Virtual worlds just might be the future of e-learning.
It is enough to make a learning professional's head spin. Every day
there is a new story about online worlds providing new learning
environments. Articles and books are describing how a generation
raised on video games is invading the workplace and demanding new
online learning environments. Unfortunately, for those not on the
bleeding edge of game technologies, all this talk of virtual
worlds, avatars, MMORPGs, metaverses, and microworlds seems right
out of a science fiction novel and, in some cases, it is.
Here are a few examples. Cisco
Systems, the company that creates Internet networks, has
developed a training island in the virtual 3D world known as
Second Life. The
training island has classrooms, areas for students to mix and
mingle, and a teleportation system. Learners move around the large
virtual campus, by sitting on a teleporter and magically appearing
at a desired location.
IBM, the computer consulting
company, also has launched a number of workplace learning
initiatives within Second Life. IBM is exploring how to conduct new
employee orientation in virtual environments, as well as how to
establish a mentoring process within these new worlds. It is not
uncommon to see two virtual people fly overhead discussing business
issues as the 3D world passes beneath.
Corporate initiatives are simply following the lead of academics
who have been staking real claims in cyberspace. There are more
than 70 colleges and universities that have campuses or classrooms
in Second Life. The National Science Foundation (NSF) has funded a
number of virtual projects through the work of the VITAL
Laboratory at Ohio University. These online learning
environments are filled with avatars roaming around the classroom
conducting virtual experiments and applying real world principles
to online objects.
But Second Life is not the only virtual world available. At some
universities, economic courses are conducted using the virtual
economy of the massively multiplayer online role play game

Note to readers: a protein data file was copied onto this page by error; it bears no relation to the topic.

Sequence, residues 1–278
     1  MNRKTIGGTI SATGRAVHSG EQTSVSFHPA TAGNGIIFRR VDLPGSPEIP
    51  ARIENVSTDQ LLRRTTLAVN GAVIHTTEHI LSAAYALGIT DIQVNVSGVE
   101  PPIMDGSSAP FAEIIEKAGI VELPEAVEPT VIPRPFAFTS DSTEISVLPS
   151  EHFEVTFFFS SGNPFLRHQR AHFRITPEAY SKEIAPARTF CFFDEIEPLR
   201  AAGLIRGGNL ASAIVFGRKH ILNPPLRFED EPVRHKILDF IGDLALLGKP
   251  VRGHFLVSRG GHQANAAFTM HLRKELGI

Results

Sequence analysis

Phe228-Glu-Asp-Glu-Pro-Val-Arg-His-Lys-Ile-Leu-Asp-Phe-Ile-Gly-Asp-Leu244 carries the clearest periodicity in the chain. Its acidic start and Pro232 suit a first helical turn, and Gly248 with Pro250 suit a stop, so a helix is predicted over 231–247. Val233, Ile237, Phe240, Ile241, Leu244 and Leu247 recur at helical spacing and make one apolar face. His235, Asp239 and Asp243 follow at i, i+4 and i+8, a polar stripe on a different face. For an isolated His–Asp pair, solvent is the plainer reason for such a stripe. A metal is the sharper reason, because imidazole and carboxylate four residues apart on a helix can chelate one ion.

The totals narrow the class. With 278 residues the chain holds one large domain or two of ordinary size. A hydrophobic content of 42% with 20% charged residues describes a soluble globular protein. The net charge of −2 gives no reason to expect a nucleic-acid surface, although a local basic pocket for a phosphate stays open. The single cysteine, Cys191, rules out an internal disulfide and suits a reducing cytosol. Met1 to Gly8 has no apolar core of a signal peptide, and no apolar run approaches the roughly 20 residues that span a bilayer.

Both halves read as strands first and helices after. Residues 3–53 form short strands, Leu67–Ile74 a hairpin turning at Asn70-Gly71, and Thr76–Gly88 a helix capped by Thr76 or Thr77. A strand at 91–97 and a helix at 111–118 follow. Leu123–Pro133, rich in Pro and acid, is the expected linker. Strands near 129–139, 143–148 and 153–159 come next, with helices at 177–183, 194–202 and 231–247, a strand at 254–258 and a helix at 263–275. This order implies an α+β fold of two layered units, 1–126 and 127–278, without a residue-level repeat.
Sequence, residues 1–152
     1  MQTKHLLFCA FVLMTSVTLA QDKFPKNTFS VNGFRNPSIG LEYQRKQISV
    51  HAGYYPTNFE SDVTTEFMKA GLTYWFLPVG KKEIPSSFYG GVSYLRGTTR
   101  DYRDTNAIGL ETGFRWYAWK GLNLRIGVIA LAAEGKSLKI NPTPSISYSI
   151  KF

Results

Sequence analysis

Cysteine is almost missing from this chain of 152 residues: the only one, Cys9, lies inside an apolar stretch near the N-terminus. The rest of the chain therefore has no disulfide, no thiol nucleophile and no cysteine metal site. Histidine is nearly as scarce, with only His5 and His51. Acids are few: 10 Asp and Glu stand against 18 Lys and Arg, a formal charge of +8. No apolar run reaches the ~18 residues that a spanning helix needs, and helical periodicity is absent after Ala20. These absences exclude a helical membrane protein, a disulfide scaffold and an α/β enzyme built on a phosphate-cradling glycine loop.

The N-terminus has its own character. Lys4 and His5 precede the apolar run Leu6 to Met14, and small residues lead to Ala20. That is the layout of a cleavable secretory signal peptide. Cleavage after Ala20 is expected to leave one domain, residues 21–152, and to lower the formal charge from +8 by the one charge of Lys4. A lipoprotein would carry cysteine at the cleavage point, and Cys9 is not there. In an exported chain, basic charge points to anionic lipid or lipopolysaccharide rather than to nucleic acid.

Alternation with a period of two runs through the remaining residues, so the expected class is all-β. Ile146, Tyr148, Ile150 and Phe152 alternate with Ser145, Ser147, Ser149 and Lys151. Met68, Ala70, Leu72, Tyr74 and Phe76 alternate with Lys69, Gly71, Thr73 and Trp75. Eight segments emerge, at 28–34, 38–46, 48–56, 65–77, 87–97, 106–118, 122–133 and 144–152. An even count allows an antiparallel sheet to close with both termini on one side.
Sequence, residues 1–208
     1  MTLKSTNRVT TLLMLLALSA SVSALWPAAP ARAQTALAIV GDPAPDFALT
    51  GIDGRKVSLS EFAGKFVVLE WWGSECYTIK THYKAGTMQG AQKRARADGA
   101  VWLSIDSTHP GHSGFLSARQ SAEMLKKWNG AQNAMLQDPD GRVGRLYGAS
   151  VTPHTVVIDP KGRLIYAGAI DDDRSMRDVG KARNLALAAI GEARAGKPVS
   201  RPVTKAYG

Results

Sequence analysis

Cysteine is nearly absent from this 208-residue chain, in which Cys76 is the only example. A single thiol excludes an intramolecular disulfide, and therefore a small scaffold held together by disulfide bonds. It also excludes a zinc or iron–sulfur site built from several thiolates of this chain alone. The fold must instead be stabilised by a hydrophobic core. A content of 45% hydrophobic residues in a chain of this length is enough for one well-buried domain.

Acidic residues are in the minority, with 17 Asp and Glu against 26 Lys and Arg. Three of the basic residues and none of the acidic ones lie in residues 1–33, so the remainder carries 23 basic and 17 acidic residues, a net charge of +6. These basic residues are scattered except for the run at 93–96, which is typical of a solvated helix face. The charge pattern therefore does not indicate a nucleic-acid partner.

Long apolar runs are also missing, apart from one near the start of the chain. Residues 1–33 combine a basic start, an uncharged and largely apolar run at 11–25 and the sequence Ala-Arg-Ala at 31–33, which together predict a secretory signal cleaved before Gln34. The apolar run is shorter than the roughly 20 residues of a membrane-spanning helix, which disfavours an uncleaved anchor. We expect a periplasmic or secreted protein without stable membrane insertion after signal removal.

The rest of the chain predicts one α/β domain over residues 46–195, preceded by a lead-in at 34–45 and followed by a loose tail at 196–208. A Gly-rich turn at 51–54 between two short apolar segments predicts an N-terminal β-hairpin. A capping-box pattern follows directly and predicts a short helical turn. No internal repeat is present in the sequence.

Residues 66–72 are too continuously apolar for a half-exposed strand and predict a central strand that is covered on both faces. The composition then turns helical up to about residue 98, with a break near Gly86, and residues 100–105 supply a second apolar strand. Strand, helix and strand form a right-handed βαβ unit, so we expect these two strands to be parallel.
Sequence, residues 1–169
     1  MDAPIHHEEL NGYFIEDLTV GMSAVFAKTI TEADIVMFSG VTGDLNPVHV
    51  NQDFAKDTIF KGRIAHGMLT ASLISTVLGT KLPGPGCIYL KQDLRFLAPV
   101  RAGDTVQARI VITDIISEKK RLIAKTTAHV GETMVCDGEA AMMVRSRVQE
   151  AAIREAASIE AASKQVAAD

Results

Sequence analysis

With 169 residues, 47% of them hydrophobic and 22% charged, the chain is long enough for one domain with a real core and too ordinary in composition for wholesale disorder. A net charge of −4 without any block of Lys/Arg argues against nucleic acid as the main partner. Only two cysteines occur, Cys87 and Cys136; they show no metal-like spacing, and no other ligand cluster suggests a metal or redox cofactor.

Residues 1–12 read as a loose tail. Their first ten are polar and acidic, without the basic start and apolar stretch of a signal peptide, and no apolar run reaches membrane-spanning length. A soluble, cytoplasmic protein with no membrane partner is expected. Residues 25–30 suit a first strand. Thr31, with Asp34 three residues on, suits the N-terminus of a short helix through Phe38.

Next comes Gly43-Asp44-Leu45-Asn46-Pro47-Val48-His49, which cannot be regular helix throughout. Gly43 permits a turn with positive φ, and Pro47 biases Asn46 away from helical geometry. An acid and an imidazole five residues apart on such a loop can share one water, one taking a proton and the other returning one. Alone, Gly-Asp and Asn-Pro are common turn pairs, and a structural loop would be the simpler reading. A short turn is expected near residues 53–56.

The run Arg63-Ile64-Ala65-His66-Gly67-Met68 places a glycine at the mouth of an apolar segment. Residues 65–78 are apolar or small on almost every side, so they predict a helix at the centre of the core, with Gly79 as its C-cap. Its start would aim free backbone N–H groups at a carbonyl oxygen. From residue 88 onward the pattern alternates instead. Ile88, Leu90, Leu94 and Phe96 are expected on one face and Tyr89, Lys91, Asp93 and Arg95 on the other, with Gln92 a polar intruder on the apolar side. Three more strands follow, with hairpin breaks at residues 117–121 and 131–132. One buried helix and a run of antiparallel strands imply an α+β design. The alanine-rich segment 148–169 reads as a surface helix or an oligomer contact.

(MMOLRPG) World of
Warcraft. In World of Warcraft, students witness
economic principles at work in real time as residents of the world
buy, sell, and trade such goods as Powerful Mojo, Blasting Powder,
Devilsaw Leather, and Black Vitriol. Students study macroeconomic
forces in a confined area and then extrapolate those results to the
Learning professionals are left in the unenviable position of
trying to sort it all out. What is the difference between a
metaverse and a MMORPG? What is an avatar? Is Second Life a MMORPG?
Is there an online world built specifically for learning?
Defining the online worlds
One of the first things to understand is the difference between a
simulation and an online world. The primary
difference is that in simulations only one person is interacting
with the software at a time. You encounter a virtual character like
a doctor and he or she responds to you based on a pre-programmed
script. While a group may work together to help make decisions
while observing the learner navigating through the simulation, the
learner is only interacting online with the program behind the
In an online world, multiple learners are "inside the simulation"
at the same time. You can either interact with the pre-programmed
items in the world or interact with other learners or instructors
who are also in that world. The online world becomes the
environment in which learners interact and respond to one another.
To complicate matters even further, there are several different
types of online worlds, and some environments with multiple
learners are called simulations. However, more descriptive
label exists for those types of environments.
Having an awareness of the differences among virtual worlds and the
impact they have on learners will help you make intelligent choices
about which of these online worlds you might want to deploy in your
organization. There are three major categories of online worlds.
These are massively multiplayer online role play games (MMORPG),
metaverses, and massively multilearner online learning environments